I love Android even though I am an Apple fanboy and I sincerely doubt if I could ever go back to working on a Windows machine. When it comes to gadgets and toys, I’m Android through and through. In fact, I’ve made a solemn vow never to buy an iPhone as I consider it way too expensive for what it is, too small of screen size and perhaps most importantly, has a locked down down operating system which doesn’t lend itself to my admittedly amateurish hacker spirit.
I have two Android devices, both made by Samsung. One is a tablet which I believe is shoulders above the iPad, and the other a Samsung smartphone, Google’s flagship phone in fact, which quite simply is a world class phone.
Of course, when it comes to smartphones and tablets, all that really matters is the apps you can use on them. So with that in mind, these are my 6 absolute favourite Android apps.
Dropbox is, quite simply, the world’s best online storage and syncing service ever. You can get Dropbox entirely for free, that gives you 2 GB of storage (which you can expand by inviting more people to share in the awesomeness).
I store everything on Dropbox. All my photos, all my work stuff, all my personal projects, all my eBooks. Then, I can access all of those files anywhere I am, on whatever one of my devices I’m using. I have Dropbox installed on two laptops, one tablet and my phone. Best of all, any changes I make to any document that’s in my Dropbox folder are instantly updated across all my devices. Oh, and I even use Dropbox for work all the time, in situations where quick collaboration and sharing are needed.
My favourite feature? Camera Upload. Every photo I take with my phone or tablet instantly gets uploaded to my Dropbox folder, with no need to Bluetooth transfer or use wires to get it from my device onto my laptop. Love it. Try Dropbox today, it will change your life.
Currents is a Google offering, and I for one welcome our new overlords if Currents is the calibre of what they can offer us.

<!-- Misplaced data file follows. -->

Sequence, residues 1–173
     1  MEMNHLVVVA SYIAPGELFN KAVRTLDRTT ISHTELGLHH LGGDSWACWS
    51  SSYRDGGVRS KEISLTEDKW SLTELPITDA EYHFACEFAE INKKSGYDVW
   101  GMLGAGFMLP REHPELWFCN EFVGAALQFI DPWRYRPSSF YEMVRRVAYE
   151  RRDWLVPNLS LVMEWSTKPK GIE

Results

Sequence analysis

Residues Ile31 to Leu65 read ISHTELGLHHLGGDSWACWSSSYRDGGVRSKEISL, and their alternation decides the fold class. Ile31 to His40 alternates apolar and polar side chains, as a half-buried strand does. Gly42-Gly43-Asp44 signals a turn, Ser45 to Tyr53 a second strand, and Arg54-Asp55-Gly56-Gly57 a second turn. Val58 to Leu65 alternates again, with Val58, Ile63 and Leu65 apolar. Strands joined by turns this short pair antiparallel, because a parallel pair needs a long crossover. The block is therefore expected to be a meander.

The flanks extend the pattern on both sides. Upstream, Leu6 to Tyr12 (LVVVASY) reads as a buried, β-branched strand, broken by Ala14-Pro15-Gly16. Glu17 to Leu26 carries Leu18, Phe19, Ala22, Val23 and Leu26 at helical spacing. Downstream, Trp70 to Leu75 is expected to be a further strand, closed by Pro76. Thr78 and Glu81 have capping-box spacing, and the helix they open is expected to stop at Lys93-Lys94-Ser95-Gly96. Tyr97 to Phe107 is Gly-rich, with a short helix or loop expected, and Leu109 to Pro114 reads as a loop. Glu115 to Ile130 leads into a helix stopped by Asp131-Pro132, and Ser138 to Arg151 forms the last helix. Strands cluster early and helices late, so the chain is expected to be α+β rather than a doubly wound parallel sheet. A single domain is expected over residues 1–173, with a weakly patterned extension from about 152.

Essentially, Google Currents delivers beautiful magazine-like editions to your tablet or smartphone for both online and offline reading. Forbes, The Guardian, TechCrunch and thousands of other sites of all kinds are offered by Currents in an absolutely stunning interface which behaves just as you’d expect it to.
If you’re a little old school like me and still read stuff by RRS, no problem, Currents can also serve up your Google Reader subscriptions. Definitely recommended.
3. BOV Mobile
If you’re anything like me, you must absolutely hate going to the bank. Of course, with online banking, I seldom go to the bank anyway, but what happens if I need to check my finances very quickly and my laptop isn’t there, or don’t have the bank’s security dongle?
Easy. Use BOV’s mobile banking app. It gives you access to all of your accounts, easily and intuitively lets you transfer funds between your accounts and even to other people provided their phone number has also been associated with a Mobile Banking account. It’s fast, easy to use and secure.
Yes, it is secure, don’t you worry about that. You need to provide a PIN to access your accounts and you also need to know your customer number. Add to that, if your phone or tablet get stolen and they’re not encrypted and locked (they should be), you can just log in to your Google Play account and uninstall the app from the stolen device remotely.